Before launching into the story of our very naughty 6th great-grandmother, I want to share a wonderful keepsake sent to me by cousin Gail Myers, along with its touching story.
“Can You Forget Old Norway” is a sentimental folk song, apparently very popular with immigrants in America. Here is what cousin Gail said about the record:
… I was six or seven, snuggled on the lap of my Norwegian grandmother Engen, as she told my older sister — with gestures to supplement her weak English — to wind up the large console Victrola and play this over and over, as she cried softly. I said, “Gramma, don’t cry,” but she just hugged me and kept waving at Sis to play it again, or turn it over for the patriotic song on the other side — equally heart-rending for her.
Gail did not know if the record could still be played. But I took it to a local shop and it played fine; they made a digital file for me.To listen to the first verse, click the “play” symbol below.
A quick note on relationships: Gail Myers is first cousin of my mother, who had no Norwegian ancestors at all. Neither did Gail’s father, Lawrence Myers (1879-1937), my granduncle. It is Gail’s mother, Paulene Engen, who was Norwegian, although no known relation to me.
I looked up the record by its number; it was released in 1917, distributed until 1928, and sold a whopping 3633 copies(!). Like all recordings at this early date, it sounds especially tinny, as the sound was recorded without the aid of a microphone (they had not been invented yet). The label on the record’s reverse side has an embarrassing mistake.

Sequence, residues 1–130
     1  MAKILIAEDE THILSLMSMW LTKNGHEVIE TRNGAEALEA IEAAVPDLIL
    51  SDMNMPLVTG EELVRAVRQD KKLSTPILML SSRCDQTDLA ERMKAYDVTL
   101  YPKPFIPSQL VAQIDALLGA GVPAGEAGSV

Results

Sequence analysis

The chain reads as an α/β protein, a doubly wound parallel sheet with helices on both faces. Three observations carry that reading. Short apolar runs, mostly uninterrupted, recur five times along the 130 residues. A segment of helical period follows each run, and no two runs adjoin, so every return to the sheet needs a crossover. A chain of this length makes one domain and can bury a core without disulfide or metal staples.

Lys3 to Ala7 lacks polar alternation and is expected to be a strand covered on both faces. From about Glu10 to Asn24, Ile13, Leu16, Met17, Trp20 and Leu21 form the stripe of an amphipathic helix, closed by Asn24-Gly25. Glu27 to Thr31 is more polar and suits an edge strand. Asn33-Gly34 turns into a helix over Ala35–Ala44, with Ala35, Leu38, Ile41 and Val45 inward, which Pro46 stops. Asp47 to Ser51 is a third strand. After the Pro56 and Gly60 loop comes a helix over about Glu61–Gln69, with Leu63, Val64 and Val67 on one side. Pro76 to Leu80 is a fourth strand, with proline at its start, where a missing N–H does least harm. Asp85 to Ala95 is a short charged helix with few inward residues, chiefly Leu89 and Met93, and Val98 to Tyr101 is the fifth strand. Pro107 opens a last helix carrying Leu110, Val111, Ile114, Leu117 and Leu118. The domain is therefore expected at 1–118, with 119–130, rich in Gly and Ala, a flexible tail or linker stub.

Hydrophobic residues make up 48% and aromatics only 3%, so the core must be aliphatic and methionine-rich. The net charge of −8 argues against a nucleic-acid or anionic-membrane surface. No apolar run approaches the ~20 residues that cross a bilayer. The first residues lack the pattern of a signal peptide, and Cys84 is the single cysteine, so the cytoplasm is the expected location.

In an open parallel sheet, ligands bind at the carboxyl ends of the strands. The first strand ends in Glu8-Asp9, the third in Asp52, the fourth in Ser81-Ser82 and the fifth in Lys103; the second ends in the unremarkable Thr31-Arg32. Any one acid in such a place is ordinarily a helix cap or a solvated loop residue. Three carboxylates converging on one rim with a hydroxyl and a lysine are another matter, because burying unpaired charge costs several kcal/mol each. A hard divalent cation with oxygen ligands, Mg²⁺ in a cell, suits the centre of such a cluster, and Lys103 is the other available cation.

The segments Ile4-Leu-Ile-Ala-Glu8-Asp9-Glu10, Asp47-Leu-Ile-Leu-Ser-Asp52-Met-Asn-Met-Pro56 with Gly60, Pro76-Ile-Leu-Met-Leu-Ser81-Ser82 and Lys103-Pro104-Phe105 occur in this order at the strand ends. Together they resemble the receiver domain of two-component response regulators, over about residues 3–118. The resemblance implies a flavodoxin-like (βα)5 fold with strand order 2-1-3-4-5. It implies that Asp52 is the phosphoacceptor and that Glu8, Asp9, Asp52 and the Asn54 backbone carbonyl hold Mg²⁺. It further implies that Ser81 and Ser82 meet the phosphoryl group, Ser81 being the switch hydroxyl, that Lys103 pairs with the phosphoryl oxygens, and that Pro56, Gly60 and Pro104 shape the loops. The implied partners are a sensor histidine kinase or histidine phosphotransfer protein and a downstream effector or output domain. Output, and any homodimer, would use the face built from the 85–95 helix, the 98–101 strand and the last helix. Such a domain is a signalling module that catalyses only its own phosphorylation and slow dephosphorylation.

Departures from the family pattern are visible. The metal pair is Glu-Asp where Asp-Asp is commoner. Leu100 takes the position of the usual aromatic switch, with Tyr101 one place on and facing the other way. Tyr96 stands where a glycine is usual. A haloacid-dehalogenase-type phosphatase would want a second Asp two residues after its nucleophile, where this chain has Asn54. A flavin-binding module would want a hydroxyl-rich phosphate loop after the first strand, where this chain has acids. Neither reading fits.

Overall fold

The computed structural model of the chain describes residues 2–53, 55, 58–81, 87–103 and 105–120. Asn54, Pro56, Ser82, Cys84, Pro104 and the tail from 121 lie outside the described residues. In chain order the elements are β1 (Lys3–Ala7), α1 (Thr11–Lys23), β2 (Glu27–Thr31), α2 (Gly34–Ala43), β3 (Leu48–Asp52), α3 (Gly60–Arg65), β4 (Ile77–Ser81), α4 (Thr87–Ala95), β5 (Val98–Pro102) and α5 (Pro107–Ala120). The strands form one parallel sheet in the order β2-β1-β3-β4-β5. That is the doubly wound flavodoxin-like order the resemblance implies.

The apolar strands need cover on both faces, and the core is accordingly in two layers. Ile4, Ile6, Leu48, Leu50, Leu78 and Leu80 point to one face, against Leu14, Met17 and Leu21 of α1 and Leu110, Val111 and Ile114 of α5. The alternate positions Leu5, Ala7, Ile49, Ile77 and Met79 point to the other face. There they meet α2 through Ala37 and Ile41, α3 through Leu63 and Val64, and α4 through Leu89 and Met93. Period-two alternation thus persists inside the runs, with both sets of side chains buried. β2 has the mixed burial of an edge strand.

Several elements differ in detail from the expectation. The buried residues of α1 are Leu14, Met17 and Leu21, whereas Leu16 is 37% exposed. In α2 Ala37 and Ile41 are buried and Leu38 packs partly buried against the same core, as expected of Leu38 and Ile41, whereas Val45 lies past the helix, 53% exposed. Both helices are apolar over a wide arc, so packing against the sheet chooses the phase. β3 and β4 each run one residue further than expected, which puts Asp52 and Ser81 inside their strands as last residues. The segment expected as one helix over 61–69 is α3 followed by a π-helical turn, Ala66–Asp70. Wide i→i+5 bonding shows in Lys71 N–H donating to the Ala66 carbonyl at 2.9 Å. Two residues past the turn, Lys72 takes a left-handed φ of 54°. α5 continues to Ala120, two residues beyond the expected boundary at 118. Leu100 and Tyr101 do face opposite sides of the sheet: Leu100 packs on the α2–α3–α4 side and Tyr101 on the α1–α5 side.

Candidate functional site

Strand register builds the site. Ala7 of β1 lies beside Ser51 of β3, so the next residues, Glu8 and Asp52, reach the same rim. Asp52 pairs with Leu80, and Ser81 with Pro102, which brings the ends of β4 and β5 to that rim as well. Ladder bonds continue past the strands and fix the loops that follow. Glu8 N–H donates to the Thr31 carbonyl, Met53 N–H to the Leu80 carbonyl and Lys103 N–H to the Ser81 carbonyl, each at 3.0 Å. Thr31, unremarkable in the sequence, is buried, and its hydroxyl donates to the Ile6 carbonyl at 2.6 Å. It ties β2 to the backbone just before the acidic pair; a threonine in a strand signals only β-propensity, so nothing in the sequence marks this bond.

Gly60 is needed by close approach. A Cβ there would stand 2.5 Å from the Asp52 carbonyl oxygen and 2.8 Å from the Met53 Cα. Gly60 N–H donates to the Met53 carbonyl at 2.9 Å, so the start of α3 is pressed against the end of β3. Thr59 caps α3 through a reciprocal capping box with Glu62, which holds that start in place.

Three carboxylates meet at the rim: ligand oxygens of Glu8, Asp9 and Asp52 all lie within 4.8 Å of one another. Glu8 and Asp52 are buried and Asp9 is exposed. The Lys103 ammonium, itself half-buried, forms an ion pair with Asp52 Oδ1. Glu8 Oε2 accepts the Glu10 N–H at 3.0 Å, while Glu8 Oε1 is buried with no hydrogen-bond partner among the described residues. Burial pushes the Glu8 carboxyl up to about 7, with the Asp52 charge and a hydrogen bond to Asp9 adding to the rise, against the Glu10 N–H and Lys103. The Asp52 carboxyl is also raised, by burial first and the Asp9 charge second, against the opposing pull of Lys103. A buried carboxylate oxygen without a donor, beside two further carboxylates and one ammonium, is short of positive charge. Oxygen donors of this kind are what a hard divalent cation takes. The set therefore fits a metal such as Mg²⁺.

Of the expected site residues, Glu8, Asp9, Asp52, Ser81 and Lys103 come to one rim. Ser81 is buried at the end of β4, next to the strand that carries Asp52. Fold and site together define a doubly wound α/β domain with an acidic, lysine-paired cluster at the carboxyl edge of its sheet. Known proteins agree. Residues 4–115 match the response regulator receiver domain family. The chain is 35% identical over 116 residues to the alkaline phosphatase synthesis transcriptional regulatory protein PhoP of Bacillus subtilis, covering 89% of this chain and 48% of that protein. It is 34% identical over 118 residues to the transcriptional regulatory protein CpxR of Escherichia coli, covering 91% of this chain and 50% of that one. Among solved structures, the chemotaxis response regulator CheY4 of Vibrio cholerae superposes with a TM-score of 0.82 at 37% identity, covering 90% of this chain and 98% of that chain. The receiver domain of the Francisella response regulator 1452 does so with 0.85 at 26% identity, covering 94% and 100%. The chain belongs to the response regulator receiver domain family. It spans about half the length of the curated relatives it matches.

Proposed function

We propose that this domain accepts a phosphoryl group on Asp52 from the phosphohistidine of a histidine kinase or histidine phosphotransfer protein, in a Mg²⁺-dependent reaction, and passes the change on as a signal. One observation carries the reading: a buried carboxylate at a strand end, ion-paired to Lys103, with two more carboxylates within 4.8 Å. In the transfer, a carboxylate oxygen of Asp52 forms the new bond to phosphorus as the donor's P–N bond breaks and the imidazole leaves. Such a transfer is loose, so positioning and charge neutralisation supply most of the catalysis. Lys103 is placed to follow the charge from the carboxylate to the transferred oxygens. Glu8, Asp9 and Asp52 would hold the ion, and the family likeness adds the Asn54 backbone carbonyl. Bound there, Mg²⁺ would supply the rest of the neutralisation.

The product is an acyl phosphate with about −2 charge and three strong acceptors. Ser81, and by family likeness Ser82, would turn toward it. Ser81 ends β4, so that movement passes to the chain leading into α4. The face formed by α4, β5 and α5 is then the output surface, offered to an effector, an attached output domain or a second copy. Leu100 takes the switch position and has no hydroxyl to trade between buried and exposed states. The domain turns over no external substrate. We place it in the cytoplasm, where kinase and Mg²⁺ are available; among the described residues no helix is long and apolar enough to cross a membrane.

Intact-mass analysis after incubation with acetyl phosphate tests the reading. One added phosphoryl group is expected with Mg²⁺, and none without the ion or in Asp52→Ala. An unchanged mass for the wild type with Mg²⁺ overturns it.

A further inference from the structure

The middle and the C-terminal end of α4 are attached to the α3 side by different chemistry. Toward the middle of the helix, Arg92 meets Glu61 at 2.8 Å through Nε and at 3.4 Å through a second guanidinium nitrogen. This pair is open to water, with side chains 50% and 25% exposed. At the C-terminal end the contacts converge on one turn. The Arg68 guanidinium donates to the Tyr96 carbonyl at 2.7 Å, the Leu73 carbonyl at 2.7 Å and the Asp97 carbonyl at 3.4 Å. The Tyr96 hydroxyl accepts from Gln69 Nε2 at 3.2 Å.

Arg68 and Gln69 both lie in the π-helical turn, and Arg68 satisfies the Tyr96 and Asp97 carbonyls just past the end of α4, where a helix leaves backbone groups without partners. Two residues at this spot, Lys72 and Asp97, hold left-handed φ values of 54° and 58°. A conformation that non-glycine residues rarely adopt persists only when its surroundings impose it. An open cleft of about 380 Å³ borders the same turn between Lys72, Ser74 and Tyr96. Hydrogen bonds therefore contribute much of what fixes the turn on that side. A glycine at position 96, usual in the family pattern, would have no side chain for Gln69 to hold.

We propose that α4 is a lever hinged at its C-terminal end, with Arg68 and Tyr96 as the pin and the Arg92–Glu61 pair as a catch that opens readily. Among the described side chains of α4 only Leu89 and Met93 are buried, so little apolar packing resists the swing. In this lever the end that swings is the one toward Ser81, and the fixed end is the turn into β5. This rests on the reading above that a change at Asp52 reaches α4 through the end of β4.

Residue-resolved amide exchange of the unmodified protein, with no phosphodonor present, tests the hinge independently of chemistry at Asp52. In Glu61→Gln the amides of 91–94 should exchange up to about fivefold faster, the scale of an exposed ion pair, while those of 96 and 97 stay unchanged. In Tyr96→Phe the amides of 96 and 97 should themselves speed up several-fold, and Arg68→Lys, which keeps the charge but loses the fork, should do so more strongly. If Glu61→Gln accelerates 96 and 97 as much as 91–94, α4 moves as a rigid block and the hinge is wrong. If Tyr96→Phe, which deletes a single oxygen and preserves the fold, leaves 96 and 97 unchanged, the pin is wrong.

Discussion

The correct title of this patriotic song is Jeg vil værge mit land (I will defend my country), not the printed … mit hand (I will defend my hand)! The label says “National Hymn,” but it is not the official national anthem.
In other news from Gail, he is very active, as always, working with some neighbors on a senior-friendly housing design project, and making music several times a week with his friend Phyllis.
They call their show “Music We Love,” covering hits of the 1930s and 40s, and are in constant demand on the senior-center circuit in their area. Last month, Gail celebrated his 91st birthday. You go, Cuz!
Coming soon — Marte Bø: Great-Grandma, Murderess.
1 CommentLEAVE A COMMENT
Apr 25, 2014
Technically, microphones had been invented (a crude version was already used in the telephone); what had not been invented was any means to use the concept in sound recording.